However, soon after the selection announcement, a local opposition movement began to take over the headlines, using the HQ2 decision as a proxy for all of their grievances against Amazon. In that process, State Senator Michael Gianaris, who had been a neutral voice throughout the process, soon emerged as the epicenter of the opposition. As his vote was crucial in the oversight board that would control the deal’s implementation, his negative stance did not bode well for the future.
At this point, the authors’ analysis gets very interesting, because they suggest that even a cursory glance at Gianaris’ social media connections would have indicated to the Amazon team the people driving his about-face on the deal. As they note:
While we are not privy to Amazon’s internal discussions, its deal team could have employed social media analysis to learn that Gianaris’s account was utterly surrounded by deal opponents like the Twitter users aligned with Ocasio-Cortez (in blue); Zephyr Teachout, a DSA-aligned author (in green); and other anti-Amazon activists (in pink). As an online lobby, this coalition of anti-development users was drowning out all other voices.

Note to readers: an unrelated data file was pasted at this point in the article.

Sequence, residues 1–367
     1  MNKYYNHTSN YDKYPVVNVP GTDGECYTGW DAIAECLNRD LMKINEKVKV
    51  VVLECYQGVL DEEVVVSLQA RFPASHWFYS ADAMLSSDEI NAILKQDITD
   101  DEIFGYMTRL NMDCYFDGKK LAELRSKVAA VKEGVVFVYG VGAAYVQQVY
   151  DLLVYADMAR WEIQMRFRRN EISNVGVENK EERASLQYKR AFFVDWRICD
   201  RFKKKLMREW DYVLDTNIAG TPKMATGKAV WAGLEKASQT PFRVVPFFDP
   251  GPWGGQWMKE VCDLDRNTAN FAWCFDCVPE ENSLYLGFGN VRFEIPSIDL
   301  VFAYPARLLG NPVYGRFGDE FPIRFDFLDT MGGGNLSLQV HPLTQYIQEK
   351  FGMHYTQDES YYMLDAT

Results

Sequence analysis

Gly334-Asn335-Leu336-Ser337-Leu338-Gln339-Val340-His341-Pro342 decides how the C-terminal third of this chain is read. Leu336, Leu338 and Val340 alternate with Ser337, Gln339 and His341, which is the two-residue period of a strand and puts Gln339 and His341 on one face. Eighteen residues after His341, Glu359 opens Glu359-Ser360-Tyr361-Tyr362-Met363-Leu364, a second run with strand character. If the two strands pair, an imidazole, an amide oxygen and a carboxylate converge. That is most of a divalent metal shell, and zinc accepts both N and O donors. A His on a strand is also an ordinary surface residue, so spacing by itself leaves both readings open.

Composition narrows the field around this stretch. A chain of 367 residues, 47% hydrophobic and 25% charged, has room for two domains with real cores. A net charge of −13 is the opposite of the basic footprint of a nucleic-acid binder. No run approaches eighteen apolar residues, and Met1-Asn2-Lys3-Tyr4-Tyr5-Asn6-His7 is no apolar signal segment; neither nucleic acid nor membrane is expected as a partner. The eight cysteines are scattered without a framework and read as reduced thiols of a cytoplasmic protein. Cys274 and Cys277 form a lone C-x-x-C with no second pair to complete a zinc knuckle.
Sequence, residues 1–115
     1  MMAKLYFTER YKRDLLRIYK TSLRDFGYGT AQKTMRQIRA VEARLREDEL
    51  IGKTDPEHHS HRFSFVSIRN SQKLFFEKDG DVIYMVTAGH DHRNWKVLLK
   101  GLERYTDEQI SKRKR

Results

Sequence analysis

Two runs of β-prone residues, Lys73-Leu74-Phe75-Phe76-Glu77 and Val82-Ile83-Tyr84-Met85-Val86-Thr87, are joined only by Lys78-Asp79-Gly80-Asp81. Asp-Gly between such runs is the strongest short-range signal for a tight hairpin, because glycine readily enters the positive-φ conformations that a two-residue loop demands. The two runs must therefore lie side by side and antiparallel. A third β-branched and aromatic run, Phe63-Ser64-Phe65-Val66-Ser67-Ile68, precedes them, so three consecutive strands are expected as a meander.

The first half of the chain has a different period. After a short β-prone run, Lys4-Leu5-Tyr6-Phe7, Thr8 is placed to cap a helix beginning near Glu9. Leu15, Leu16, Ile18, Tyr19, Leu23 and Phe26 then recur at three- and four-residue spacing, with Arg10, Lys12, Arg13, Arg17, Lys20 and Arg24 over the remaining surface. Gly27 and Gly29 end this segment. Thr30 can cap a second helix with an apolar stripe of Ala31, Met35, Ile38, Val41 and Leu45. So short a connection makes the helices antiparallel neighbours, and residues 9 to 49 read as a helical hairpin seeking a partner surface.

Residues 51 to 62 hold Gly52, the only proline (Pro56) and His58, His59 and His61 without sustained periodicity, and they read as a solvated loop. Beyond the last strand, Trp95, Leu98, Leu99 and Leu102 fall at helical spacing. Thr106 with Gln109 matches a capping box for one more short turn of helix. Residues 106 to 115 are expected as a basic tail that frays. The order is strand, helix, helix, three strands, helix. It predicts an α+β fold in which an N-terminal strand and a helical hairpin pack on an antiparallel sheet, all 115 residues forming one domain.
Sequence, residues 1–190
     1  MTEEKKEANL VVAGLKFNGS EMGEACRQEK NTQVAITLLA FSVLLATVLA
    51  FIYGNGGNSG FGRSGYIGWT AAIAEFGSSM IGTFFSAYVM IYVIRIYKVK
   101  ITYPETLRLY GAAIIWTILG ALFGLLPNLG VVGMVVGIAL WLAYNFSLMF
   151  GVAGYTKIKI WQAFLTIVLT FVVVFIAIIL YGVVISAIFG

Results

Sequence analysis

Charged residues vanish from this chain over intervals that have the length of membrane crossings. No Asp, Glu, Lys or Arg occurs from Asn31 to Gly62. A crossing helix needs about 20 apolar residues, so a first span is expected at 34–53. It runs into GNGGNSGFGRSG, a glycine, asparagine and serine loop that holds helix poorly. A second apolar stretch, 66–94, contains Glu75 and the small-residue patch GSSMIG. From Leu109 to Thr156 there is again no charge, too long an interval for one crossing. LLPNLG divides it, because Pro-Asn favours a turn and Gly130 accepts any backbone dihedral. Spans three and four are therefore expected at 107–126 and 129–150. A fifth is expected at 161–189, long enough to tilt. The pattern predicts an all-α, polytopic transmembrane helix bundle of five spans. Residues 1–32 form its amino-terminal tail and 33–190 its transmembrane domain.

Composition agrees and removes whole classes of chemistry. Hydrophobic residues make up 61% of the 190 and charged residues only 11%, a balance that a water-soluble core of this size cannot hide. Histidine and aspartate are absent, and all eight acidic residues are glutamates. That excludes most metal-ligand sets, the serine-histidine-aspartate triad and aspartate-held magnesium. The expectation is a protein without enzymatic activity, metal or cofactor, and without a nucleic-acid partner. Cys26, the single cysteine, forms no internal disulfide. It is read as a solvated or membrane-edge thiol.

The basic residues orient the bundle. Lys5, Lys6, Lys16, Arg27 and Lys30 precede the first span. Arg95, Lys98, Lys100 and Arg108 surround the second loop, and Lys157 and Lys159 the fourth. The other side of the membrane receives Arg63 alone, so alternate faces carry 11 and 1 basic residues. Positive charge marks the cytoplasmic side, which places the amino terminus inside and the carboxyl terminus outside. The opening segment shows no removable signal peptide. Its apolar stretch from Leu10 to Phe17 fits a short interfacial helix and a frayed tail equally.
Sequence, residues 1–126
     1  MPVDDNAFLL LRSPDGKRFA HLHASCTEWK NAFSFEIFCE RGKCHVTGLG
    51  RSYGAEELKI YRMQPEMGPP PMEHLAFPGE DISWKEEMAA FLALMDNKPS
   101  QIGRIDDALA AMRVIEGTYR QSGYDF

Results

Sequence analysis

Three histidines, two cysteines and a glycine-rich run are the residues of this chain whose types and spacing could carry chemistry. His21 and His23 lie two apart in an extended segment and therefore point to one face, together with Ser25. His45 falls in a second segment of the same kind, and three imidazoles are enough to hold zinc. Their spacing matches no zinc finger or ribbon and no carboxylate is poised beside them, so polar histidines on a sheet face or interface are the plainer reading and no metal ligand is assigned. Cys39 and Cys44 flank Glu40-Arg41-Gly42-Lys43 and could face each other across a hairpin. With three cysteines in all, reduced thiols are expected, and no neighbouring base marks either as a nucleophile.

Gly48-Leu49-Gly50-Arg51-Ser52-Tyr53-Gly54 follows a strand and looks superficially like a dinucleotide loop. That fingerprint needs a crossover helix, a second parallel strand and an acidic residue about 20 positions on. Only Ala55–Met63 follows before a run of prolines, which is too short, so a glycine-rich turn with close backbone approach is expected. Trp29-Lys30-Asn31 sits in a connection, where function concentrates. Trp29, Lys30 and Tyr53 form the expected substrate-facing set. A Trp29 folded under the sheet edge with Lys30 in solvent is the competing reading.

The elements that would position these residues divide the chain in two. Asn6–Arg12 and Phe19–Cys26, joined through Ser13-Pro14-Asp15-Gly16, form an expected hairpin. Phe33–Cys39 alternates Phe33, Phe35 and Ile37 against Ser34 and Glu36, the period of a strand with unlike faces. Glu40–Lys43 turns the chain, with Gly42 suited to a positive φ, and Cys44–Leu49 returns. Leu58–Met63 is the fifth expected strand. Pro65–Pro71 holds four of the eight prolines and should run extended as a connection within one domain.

Perhaps shockingly, they highlight, “Amazon’s own account — and those of its supporters, also in orange — appears utterly peripheral to the extensive Twitter conversations swarming this key pressure point (Gianaris). Few allies show up with the ability to respond online, address concerns, correct falsehoods, and make the positive case for HQ2.” Interestingly, the article notes that Amazon’s team was in virtual seclusion during the negotiations and “may well have had no internal integration with Amazon’s social listening and digital analytics functions.” In other words, cut off from the social media intelligence teams at HQ1, the HQ2 team failed to understand the opposition and ultimately failed in their negotiations with New York City.
Based on their analysis of the Amazon errors, the authors posit four strategies negotiators need to consider in order to maximize the value of social media intelligence:
1) Use open-source information to learn about the full set of parties, understand their personalities, interests, perceptions, and relationships, as well as to carry out extended party mapping more systematically. Such insights can enable negotiators to wield effective influence, both directly (“at the table”) and indirectly (“away from the table”), and so help to mobilize potential supporters as well as to deter and/or neutralize potential opponents.